Bali Indonesia Travel

I really loved travelling to Bali Indonesia. It's a magical place to vacation. The info contained here was gleaned from several sources. Any mistakes are mine.

The original text of this page was written in October 1998 and has been edited once or twice since. Photos were updated in 2002.

All photos here have been color corrected. Photos whose names end in "a" have been cropped.

Maybe I'm confused, but this photo reminds me of the neglect, dirt and decay, as well as the colors, religion, and the ever present spicy aroma of the island which greets you when they decompress the plane on arrival. This picture conveys maybe an inkling of the astounding beauty, age, and culture of the place.

Also in this picture is a good example of where offerings go. My friend Susy went to Bali to study offerings. On the ground there is an offering to demons. A bit above, on what I think is a concrete well cover, is another offering, and up on the shelf (above the gas can) are more offerings to the gods.

Although most of Indonesia is Muslim, Bali is Hindu. The Balinese have a deep religious life. Women spend a rather large part of their day making offerings. Auspicious and suspicious days require more complicated offerings.

Offerings are made from flowers, food and elegant palm-leaf baskets. The core of an offering is betelnut, which is a stimulant.

Here is another offering example.

Betelnut is prepared with natural lime, wrapped up in leaves, and chewed. Like most things people enjoy, betelnut bad for you. It stains your mouth red and ruins your teeth.

An offering without betelnut is not a real offering. Susy's friend Made sat down with us one day and showed how to make a certain kind of offering.

Some women in temple garb carrying big, complicated offerings in a temple procession. They are headed towards a river from the temple. This procession had a gamelon playing. They carry a chair where the gods can have a seat.

The best thing about a procession is all the little kids in their temple garb. They'll break your heart.

Some boys in their temple outfits. Something else worth commenting on here is the Balinese concept of personal space. We define personal space as how close somebody can get to you before you feel uncomfortable.

The Balinese have a definition of this space which will seem much too friendly for most Americans. This lack space often extends to the kinds of questions they will ask as well.

Although opposite-sex public displays of affection like holding hands are considered offensive, it is an everyday occurrence to see two or more persons of the same sex holding hands while walking down the street. Or with an arm over the other, like these boys.

Rice paddies. While in Bali I had the opportunity to eat what they call "Bali rice" which is the natural, not-genetically-altered rice. Genetically altered rice is "high-yield" and thus much less expensive, but the Balinese savor Bali rice when they can afford it. The difference is very subtle but palatable, like comparing sugar in the raw to granulated sugar. It also has a more solid, chewy texture.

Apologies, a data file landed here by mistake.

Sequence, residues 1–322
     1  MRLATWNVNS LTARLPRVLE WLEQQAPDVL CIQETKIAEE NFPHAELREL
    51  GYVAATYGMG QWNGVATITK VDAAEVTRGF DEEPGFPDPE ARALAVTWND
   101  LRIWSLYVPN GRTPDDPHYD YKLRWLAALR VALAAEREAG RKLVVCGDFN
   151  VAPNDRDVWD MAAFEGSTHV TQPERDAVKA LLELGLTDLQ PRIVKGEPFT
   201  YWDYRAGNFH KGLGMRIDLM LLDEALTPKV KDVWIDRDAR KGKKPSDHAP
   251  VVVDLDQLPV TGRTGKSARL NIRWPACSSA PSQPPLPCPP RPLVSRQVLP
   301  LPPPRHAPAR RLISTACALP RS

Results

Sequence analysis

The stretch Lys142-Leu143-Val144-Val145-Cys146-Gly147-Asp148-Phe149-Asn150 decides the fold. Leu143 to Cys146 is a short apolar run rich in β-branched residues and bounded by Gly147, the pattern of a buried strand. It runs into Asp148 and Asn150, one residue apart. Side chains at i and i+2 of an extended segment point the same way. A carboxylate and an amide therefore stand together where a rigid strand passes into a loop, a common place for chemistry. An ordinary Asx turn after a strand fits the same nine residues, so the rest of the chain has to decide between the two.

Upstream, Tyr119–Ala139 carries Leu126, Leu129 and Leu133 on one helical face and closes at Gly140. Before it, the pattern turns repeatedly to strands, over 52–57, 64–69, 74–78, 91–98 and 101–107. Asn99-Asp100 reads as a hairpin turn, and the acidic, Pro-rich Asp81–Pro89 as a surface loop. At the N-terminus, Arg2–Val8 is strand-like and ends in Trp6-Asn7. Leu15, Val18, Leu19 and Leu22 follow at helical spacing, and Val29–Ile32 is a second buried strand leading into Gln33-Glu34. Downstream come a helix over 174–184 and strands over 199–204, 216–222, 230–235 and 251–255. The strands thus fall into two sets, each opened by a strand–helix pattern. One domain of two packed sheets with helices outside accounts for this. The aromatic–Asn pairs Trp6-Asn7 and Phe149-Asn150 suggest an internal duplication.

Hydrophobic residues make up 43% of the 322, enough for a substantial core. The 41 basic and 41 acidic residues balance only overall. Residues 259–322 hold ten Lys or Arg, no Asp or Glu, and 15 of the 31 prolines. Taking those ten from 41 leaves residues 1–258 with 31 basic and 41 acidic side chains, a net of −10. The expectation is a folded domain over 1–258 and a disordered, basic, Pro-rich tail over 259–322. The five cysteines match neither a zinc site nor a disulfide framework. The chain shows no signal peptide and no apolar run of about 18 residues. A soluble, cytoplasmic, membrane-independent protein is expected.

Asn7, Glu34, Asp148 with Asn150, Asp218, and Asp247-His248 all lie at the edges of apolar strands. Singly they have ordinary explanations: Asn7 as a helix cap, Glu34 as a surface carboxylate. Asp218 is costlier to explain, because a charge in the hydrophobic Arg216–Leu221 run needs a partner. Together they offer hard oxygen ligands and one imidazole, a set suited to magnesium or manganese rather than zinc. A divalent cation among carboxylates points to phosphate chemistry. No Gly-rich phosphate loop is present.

The Balinese enjoy their rice sticky. And who can blame them!

Here is info on Jeff's mask-making teacher.
This is an example of his work.

I Wayan Muka
Mask Product
Br. Batan Ancak
Mas-Ubud, Bali, Indonesia
62 (0361) 974530

My friend Jeff is studying mask making under one of the most famous mask makers in the Ubud area. While all Balinese masks are grotesque, the above mask in particular struck me because it looks at first like the cruel caricature Europeans have foisted upon Asians for years.

I was informed that this mask is traditional and necessary at ceremonies because this man is in charge of talking to the gods. In fact, I was told that if they don't have this mask they might as well all go home.

The Balinese practice tooth filing as a rite of passage. They file the points off their teeth because this is supposed to temper their animal side. A look at the teeth of any mask will tell you how "civilized" a given character is. A quick look here reveals a display of humanity.

A traditional clown mask Jeff was working on. Balinese clowns are among the entertainment you will find at a temple ceremony. All the entertainment at temple ceremonies is actually intended for the gods, and apparently it is not unusual to find a full gamelon, puppet show, act, and/or dance going on at a ceremony with no person watching!

Nonetheless, Balinese clowns are apparently a load of fun. They tell the story line of what is going on in a performance and given a moment, will interject witty comments about current events. They also delight in slapstick humor.

A show at a temple ceremony we went to. I'm not sure if this was a clown or not. The photo is blurry as heck because it is considered impolite to use a flash at temples and I had to make do with what lighting was available.

Some of the clowns at this show did not wear masks and instead wore lots of wacky makeup. They had painted enormous eyebrows on their faces and walked around in circles very much like Groucho Marx.

On the next Bali Page - a visit to the Floating Pavillion in Klungkung!

More photos from Bali!


hits counter